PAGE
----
A federal appeals court this week upheld a judge’s decision that would end a long-running legal battle about whether Florida’s Medicaid program properly provided services to “medically fragile” children.
The case centered on allegations that the state violated the Americans with Disabilities Act and other laws by failing to provide services that would allow children with severe medical conditions to stay in their homes and communities. It was filed on behalf of children who had been placed in nursing homes or who were considered at risk of going into such facilities.
But a federal district judge in 2017 said the case was effectively moot because the state Agency for Health Care Administration had made changes to address the issues.
Attorneys for several children appealed to the 11th U.S. Circuit Court of Appeals in Atlanta. But a three-judge panel issued an 18-page ruling Wednesday that upheld the lower-court decision. The case dealt, in part, with a standard that the state used in determining whether children would be provided private-duty nursing services.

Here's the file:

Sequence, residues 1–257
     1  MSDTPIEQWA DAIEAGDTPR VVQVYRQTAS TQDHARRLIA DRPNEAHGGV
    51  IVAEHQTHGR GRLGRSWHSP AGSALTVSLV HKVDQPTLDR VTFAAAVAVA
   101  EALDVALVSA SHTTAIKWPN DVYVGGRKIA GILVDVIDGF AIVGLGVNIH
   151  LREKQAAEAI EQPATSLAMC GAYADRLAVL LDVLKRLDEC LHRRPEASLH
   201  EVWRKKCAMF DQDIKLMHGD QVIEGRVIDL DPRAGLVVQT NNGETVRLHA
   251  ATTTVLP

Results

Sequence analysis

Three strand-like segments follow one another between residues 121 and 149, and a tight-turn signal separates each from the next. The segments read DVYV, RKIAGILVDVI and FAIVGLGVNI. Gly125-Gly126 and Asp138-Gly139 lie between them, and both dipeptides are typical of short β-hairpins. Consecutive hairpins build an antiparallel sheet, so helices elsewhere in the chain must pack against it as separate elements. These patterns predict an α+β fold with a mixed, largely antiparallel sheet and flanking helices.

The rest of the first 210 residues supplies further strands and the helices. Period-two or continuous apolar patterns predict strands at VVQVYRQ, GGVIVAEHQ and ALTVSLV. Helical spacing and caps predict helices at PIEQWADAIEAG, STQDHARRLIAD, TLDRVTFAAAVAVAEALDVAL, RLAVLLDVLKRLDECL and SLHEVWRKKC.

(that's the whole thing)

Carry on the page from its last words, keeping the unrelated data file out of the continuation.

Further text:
The state argued in court that it had discarded what was known as the “convenience” standard in making the private-duty nursing decisions, according to the appeals-court decision.
“Since the plaintiffs filed suit, the state of Florida formally adopted a new administrative rule exempting PDN (private duty nursing) services from the convenience standard,” said the appeals-court ruling by judges Jill Pryor, Elizabeth Branch and Danny Boggs.
“The state also has long since removed all subordinate policies that could be construed as applying pressure to parents to provide skilled nursing services to their children by deleting statements in the AHCA Handbook requiring caregivers ‘to participate in providing care to the fullest extent possible’ and by authorizing PDN services only to ’supplement’ caregiver-provided care. Those changes in Florida’s regulations and policies rendered the plaintiffs’ challenge moot.”